Annealed glass is very likely to crack when heat is applied due to thermal stress as the edges of the panes contain many micro cracks from the way it is cut to size. The larger the pane the more likely the glass will be under stress and it is known that there are maximum sizes a pane can be before the likely hood of spontaneous propagation of these cracks can occur even without any heat. Building regulations and glaziers do take into account the largest pane size being used to reduce this risk this.

Thermal stress where heat is concentrated on a small area compared to the size of the pane is much more likely to cause these already existing tiny cracks to propagate.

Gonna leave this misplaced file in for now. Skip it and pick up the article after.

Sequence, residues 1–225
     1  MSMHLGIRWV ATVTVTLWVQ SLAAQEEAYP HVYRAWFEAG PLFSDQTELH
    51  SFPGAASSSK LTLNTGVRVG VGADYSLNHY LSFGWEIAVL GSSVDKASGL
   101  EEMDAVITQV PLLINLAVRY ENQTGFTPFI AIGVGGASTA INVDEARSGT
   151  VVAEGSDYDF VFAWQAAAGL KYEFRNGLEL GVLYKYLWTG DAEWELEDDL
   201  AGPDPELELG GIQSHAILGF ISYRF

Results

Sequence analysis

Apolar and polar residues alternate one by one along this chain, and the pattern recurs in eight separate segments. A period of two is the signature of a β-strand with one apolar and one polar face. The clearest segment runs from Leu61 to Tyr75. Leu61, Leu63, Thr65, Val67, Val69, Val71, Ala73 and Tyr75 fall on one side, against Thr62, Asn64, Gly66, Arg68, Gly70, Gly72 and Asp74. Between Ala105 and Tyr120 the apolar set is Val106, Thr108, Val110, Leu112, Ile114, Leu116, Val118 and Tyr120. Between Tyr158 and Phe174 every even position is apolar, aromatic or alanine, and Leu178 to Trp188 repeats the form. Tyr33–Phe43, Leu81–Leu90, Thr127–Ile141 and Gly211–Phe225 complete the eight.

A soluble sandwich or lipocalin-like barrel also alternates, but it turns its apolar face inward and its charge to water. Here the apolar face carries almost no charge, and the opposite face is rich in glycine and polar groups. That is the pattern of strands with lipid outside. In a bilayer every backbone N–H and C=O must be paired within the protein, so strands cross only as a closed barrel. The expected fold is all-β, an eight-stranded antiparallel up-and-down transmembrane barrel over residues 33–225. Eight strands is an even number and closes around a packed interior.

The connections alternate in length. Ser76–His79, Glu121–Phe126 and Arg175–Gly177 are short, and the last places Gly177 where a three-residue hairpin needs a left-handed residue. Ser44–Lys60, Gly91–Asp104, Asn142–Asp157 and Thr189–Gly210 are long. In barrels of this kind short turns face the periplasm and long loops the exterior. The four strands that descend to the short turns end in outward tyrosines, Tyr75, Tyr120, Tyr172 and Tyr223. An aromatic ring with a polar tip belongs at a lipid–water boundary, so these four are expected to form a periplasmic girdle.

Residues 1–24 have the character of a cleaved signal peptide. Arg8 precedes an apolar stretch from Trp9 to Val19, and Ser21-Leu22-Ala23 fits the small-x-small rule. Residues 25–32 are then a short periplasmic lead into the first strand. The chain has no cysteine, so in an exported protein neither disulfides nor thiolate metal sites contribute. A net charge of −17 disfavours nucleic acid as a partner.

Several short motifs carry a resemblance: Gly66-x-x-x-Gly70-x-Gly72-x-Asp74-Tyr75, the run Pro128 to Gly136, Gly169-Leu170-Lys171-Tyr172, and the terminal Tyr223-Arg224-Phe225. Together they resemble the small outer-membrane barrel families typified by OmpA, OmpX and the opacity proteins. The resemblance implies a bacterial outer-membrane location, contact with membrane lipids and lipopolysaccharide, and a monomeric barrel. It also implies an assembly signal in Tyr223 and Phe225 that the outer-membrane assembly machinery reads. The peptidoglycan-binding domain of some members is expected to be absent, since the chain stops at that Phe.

As window tinters we are therefore advised to never use heat on annealed or laminated glass, but toughened car glass no problem.

Having said all that I did have a problem area with a frosted graphic sticking on a hairdressers window which suffered from constant condensation. I didn't dare use my heat gun but gentle warmth from a hairdryer did save the day. Just dont get the glass hot.
Stuart
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Post Mon Feb 01, 2010 9:51 am

Peter Normington wrote:OK Rob and Phill
heresay is fine
better stop the sun shining on a window in summer then, otherwise it will shatter.
can you explain why a windscreen does not shatter when the heater is turned on when there is ice outside then?

Peter


Would you believe it. I was driving in to work this morning in the Mondeo. The temperature was -3 outside. The screen had already defrosted yet about halfway to work the windscreen spontaneously cracked. I wasn't hit by flying debris or anything, but the car was just starting to get warmed up properly when the glass broke.